Grace and Christology in the Early Church

By Donald Fairbairn | Go to book overview

1 Grace and the Central Issue of the Christological Controversy

And the Word became flesh and dwelt among us, and we beheld his glory, glory as of the Only-Begotten from the Father, full of grace and truth.

(John 1: 14)

Although he existed in the form of God, he did not consider equality with God something to be grasped, but he emptied himself by taking the form of a servant and being made in human likeness.

(Phil. 2: 6-7)

These two biblical texts proclaim what is at once both the central truth of the Christian faith and perhaps its most controversial affirmation. God has become a man. The one who was equal with God has taken upon himself the form of a servant. In the man Jesus who has lived among us, we see the glory of the Father's only Son. As early as ad 325, this affirmation was enshrined prominently in the Creed of Nicaea, even though the Council of Nicaea dealt not with the incarnation per se, but with the full deity of God the Son. The Creed affirms not only that 'we believe in one God, Father all-sovereign, maker of all things seen and unseen; and in one Lord Jesus Christ, the Son of God', but also that this Son of God 'for us men, and for our salvation, came down, and was incarnated, and was made man, suffered, and arose on the third day'.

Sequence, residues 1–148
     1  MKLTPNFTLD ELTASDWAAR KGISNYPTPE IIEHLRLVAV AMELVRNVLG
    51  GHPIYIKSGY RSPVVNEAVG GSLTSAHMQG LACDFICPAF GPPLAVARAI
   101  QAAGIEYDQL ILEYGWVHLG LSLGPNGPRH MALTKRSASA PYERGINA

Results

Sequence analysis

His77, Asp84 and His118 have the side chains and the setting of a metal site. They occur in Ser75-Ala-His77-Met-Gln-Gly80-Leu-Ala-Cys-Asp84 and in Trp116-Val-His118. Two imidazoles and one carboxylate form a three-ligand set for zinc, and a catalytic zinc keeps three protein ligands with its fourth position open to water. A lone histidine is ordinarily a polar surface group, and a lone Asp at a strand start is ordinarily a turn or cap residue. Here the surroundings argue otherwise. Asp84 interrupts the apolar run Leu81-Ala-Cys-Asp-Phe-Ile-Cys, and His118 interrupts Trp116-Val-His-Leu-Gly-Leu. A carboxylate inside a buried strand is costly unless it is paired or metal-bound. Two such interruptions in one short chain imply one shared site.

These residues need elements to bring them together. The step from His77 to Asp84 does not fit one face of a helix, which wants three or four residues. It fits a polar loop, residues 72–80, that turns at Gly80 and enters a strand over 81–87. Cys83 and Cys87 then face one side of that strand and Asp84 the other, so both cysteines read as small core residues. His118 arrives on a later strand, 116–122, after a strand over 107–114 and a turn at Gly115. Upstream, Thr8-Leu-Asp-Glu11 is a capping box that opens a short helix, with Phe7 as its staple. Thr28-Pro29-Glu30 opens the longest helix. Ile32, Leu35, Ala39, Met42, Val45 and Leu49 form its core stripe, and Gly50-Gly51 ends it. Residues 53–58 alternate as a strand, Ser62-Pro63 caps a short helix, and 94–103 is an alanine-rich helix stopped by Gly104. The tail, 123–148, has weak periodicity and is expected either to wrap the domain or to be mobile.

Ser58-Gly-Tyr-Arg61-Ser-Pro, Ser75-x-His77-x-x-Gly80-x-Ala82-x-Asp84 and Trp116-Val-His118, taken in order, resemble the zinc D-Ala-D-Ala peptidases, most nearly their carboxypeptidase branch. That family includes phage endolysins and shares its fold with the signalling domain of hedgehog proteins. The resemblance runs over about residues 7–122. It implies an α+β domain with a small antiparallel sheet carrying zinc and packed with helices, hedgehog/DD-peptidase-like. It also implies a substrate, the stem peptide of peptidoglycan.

The prominence given to the incarnation in the Creed of Nicaea set in motion a series of intense theological discussions that led to serious controversies about christology. These controversies were eventually resolved (to some degree) at the Council of Chalcedon in ad 451, whose Definition of Faith determined the language which the vast majority of the Christian

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